“It was the right thing to do. How this department stepped up to the plate and made it happen was really remarkable,” Turnbull said, noting that the Epic implementation was an IT-led project, triggered by discussions that he had with Dr. Tom Miller, U of U Health’s chief medical officer and a former member of the Fourth Street Clinic board of directors.
Another project that makes the list: computer-assisted coding.
Previously, Turnbull said, someone had to read every patient record line by line and work with providers to ensure it was properly coded. Then Shawn Wells, now director of Health Information for ITS, developed a system in partnership with 3M in which a computer reads the chart the first time and suggests changes. This improves efficiency for the coders and improves coordination with the medical staff.
“I never thought I would see that during my career, but we were the development site for it. And last I heard, the system is used in over 3,000 hospitals in the country now,” he said. “So, hats off to those folks — that was a pretty cool thing.”
When he thinks about that project, he said it reinforces his view that if you allow exceptional people to take on a big challenge, you get exceptional results.
“I see that every day. The commitment of the staff to each other, to the organization, to the patients and families we serve and to the industry … they're really a remarkable group of colleagues.”
Advice for the next CIO
Turnbull shared some advice on the initiatives, emerging technologies, and trends his successor should keep an eye on.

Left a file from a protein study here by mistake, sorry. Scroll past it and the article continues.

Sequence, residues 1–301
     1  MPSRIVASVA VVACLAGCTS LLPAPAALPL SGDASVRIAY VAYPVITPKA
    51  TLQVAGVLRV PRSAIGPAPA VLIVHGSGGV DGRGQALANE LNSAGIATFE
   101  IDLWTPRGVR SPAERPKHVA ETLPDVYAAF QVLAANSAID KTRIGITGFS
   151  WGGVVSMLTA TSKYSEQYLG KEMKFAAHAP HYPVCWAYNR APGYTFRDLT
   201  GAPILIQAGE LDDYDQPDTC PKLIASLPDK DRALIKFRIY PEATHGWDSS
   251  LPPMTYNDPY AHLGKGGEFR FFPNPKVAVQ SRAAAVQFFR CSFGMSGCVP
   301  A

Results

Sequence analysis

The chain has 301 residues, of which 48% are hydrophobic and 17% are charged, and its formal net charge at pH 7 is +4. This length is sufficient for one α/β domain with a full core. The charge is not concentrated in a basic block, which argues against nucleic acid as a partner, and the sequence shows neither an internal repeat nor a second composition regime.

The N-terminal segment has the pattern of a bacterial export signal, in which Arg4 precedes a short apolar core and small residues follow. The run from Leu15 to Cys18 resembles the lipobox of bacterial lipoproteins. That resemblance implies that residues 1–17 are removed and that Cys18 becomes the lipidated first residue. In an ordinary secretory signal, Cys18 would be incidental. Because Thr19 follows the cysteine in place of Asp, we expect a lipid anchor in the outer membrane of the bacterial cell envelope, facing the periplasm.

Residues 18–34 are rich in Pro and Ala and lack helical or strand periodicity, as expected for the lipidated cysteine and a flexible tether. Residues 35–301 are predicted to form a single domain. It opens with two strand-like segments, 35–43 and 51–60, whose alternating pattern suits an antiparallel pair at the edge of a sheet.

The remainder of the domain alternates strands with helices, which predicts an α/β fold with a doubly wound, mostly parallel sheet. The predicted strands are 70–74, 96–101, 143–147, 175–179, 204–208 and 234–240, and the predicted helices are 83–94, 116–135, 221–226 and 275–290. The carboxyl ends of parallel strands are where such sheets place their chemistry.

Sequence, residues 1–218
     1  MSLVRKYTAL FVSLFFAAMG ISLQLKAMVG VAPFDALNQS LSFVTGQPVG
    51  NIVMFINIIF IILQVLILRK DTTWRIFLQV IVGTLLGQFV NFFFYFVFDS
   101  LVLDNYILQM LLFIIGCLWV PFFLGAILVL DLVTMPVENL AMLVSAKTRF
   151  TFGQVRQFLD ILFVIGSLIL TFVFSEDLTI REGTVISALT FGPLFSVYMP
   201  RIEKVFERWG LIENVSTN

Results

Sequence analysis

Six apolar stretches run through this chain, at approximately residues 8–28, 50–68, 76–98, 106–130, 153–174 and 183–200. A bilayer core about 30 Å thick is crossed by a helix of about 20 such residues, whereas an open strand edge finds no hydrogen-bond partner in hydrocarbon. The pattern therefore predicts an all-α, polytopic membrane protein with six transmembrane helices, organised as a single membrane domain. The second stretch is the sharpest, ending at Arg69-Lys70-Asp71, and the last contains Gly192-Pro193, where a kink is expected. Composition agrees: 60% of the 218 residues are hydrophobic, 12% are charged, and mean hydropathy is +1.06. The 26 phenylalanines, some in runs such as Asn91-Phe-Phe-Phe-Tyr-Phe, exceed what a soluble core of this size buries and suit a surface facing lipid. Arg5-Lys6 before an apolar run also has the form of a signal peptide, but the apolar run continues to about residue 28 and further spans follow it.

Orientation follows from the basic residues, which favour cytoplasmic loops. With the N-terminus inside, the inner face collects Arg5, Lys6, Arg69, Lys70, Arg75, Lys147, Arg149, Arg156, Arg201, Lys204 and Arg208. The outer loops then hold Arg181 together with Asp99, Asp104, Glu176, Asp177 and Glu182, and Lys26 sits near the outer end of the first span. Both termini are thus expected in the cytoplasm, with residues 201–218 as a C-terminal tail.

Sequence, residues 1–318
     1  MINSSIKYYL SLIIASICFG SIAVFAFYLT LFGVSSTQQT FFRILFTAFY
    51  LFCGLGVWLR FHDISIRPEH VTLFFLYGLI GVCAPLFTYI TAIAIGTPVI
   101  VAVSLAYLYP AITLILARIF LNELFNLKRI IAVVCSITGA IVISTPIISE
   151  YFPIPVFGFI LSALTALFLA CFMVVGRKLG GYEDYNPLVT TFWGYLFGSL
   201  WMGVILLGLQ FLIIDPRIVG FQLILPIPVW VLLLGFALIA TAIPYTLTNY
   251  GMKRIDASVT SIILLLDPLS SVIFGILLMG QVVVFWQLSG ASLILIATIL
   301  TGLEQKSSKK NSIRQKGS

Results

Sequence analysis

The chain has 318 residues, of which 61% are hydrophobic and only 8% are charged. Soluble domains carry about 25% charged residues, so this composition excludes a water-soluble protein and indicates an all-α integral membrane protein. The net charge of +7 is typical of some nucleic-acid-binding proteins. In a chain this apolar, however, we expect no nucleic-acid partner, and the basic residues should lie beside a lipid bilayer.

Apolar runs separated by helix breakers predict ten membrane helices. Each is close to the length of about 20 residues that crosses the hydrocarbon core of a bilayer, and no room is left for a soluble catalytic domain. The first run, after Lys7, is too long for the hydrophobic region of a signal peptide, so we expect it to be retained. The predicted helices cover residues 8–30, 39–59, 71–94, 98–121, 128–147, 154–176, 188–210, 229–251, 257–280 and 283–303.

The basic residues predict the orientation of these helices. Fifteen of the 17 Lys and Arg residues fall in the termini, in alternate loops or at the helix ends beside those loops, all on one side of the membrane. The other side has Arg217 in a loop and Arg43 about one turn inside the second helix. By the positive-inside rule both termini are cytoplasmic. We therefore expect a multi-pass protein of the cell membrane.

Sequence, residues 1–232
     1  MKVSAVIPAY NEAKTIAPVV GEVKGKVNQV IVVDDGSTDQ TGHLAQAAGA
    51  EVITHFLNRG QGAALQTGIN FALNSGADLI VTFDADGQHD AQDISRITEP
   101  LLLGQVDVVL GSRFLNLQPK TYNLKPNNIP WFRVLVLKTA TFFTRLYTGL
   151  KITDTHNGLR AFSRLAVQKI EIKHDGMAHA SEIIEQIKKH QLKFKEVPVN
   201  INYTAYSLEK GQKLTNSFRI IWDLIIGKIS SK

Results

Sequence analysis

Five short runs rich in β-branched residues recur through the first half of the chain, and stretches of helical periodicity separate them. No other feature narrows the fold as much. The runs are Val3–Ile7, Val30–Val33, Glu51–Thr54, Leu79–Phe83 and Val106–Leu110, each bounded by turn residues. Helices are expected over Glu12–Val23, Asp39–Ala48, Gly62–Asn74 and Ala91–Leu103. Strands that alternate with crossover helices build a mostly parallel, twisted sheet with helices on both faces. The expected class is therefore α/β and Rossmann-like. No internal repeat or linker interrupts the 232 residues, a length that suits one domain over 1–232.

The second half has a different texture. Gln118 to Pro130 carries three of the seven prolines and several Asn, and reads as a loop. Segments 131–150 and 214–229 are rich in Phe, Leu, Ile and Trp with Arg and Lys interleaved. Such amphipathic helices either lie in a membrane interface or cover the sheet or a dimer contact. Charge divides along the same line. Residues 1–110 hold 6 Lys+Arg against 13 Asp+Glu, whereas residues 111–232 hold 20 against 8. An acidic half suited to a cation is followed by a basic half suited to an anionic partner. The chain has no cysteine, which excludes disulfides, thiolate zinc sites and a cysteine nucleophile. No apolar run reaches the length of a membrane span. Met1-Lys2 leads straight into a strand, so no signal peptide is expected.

“My successor needs to ensure that infrastructure and data security receive appropriate care and feeding. So much of our success in the past decade has been the ability to respond to the strategies and growth of the organization because we have the foundation that enables our success. As far as emerging technologies are concerned, I would take every opportunity to reduce dependency on mice and keyboards, and switch to voice-enabled capabilities. At the other end of the spectrum, I wouldn’t get too enamored with the artificial intelligence ‘hype.’ Finally, take care of our amazing team, and never underestimate their accomplishments and the value their commitment and expertise has meant to the university and those we serve.”
“I’ve been blessed throughout my career with wonderful role models, mentors, staff, and colleagues. Working for our CEO, Gordon Crabtree, at the culmination of my career has been a blessing that I will always treasure. I hope that my willingness to take risks, trust my staff, and learn from my many mistakes has in some small way enabled many of the teams I’ve worked with to be successful. I couldn’t be more proud of their accomplishments.
“It's been an amazing 47 years. I wouldn't change anything. I’ll miss this place, I'll miss the people tremendously, but it’s time to move on. I know I’m leaving the division in good hands, and now it’s time to go have some fun.”
Although his immediate plans and priorities have changed due to the COVID-19 pandemic, when Turnbull finally walks out the door, he said “it will be with a sense of great pride and confidence in the individuals and teams I leave behind.”